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Handwriting

8 customer reviews

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Audio CD, May 23, 1995
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$11.99 & FREE Shipping on orders over $35. Details Only 1 left in stock. Ships from and sold by Amazon.com. Gift-wrap available.

Frequently Bought Together

Handwriting + Music For Egon Schiele + The Sea and the Bells
Price for all three: $41.01

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Editorial Reviews

Product Description

NEW Combo BLUWAVS CD and FLAC FILE

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When this album was initially released in 1995, it was met with some skepticism; after all, the idea of an indie rocker (Rodan's Jason Noble) getting together with some classically trained pals (violist Christian Frederickson and pianist Rachel Grimes, another former rocker) and putting out an album of original classical compositions sounded like a bit of a stretch. It was--but not for the band. Recorded over the space of a few years with help from members of Shellac, the Cocktails, and various symphony orchestras, Handwriting is a remarkably cohesive, listenable, and interesting album--and if that sounds like anything short of a rave, it shouldn't. --Randy Silver

1. Southbound To Marion
2. M. Daguerre
3. Saccharin
4. Frida Kahlo
5. Seratonin
6. Full On Night
7. Handwriting

Product Details

  • Audio CD (May 23, 1995)
  • Number of Discs: 1
  • Label: Quarterstick Records
  • ASIN: B0000037NV
  • Average Customer Review: 4.4 out of 5 stars  See all reviews (8 customer reviews)
  • Amazon Best Sellers Rank: #197,659 in Music (See Top 100 in Music)

Customer Reviews

Most Helpful Customer Reviews

12 of 12 people found the following review helpful By Richard Morgan on January 25, 2001
Format: Audio CD
I don't know if Rachel's is considered classical music or not. The instruments are the traditional classical variety; however, there are elements of jazz, new age, rock, and who-knows-what throughout the album.
Southbound to Marion and Handwriting open and close the disc with a beautiful lyrical quality while M Daguerre has a strong jazz feel. Overall the album does not have a long play time with Full On Night, more of a wandering through noise than an actual "song", being quite lengthy.
In comparison to other Rachel's works, I can only compare it to Music for Egon Schiele and The Sea and The Bells. This one is less "classical" than Music for Egon Schiele, which I think is their best work I've heard. To me, Handwriting is on par with Sea and Bells, as it contains some odd samples and a few minutes of noise as opposed to music.
If you are looking for something different, try Rachel's. If you enjoy classical music, start with Music for Egon Schiele instead of Handwriting.
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12 of 13 people found the following review helpful By Hank Napkin on April 7, 2005
Format: Audio CD
"Handwriting" is an excellent record, especially considering that this is the first CD by Rachel's. Most of the music features ensemble playing, but no two tracks are completely similar. Instrumental line-ups change, sometimes radically. Some pieces, restricted to strings, have an intimate, chamber feel. Some begin with solo instruments. Another, with intrusions of drums, guitar and a lovely, fuzzy bass, develops a curious structure that oscillates between two musical worlds and does so without seeming either affected or odd for the sake of being odd. At the farthest extreme, "Full on Night" is a convincing and well-constructed soundscape /noise piece that is not simply an improvised collage: there's a coherent structural quality that comes across.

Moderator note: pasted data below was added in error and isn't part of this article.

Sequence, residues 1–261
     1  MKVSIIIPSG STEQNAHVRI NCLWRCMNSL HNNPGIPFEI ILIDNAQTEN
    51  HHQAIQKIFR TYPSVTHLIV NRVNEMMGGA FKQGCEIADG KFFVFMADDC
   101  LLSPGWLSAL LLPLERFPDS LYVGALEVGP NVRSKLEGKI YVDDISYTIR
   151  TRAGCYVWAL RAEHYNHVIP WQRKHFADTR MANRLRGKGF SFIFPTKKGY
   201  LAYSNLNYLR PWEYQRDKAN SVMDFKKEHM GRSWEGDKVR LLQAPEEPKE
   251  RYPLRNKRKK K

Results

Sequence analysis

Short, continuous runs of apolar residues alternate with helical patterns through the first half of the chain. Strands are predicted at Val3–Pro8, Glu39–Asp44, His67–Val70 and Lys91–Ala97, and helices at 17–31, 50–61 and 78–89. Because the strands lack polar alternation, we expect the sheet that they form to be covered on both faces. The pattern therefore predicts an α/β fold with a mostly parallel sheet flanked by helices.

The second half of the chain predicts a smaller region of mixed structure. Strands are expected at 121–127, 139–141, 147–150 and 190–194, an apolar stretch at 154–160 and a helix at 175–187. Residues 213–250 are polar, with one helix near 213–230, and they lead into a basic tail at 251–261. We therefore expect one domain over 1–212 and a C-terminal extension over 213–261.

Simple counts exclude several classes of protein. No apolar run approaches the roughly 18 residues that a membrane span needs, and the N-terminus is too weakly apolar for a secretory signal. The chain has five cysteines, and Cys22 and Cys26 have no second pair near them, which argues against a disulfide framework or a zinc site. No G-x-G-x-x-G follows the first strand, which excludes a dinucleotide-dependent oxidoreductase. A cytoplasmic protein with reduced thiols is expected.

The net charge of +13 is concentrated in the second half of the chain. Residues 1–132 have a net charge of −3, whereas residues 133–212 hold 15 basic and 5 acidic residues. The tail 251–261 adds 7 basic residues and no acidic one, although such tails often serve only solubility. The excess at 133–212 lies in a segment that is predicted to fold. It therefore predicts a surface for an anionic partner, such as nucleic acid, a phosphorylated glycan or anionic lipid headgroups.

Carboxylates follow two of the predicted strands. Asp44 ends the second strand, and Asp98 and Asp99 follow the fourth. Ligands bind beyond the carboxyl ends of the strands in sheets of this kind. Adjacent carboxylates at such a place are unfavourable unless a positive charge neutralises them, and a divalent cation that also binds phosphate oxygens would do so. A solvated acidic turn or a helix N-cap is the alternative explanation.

And perhaps that is the over-arching, organizing principle of this music. It's foolish to just say "somehow all this holds together." But, somehow all this holds together. In addition to the structural integrity, the writing and performing style favors understatement and restraint. These factors combine to provide a deep sense of coherence across a fairly broad range of compositional types. And don't let the word "restraint" imply that the music ever drags or dead-ends. Nor should it imply that the music is strictly minimalist, because it finds some rather nice flashes of expression, unerringly in the right place and always at the right time.

As for intimations of Penguin Cafe, well maybe. But probably not. Rachel's is clearly not in pursuit of the melodic, something at which Simon Jeffes excelled. There's a particularly well-developed sense of how things start and how things stop.
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12 of 14 people found the following review helpful By Sink on January 9, 2002
Format: Audio CD
This album sounds like something you might find on the record player in a haunted mansion. It certainly does have beauty and brilliance within, but it is at times clunky and harsh. I like that. Handwriting is definitely Rachel's eeriest album, The Sea and the Bells is their most polished album, and Selenography is their most far-out. Egon Schiele is the album for hardcore fans, but I wouldn't recommend it to anyone to just wants to waltz with the poltergeists in their heads. Stick to Handwriting for that.
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3 of 3 people found the following review helpful By A Customer on September 17, 1999
Format: Audio CD
And it usually stays there along with "music for Egon Schiele" which I would consider to be the two best by Rachel's thus far, their newer albums being a little too sleek and calculated. (but still okay, I guess) The first album by the Rachel's, these sounds are strung together intricately and woven with attention to detail. This music is gritty and passionate, somewhat somber, beautiful, engaging, romantic. Ace!
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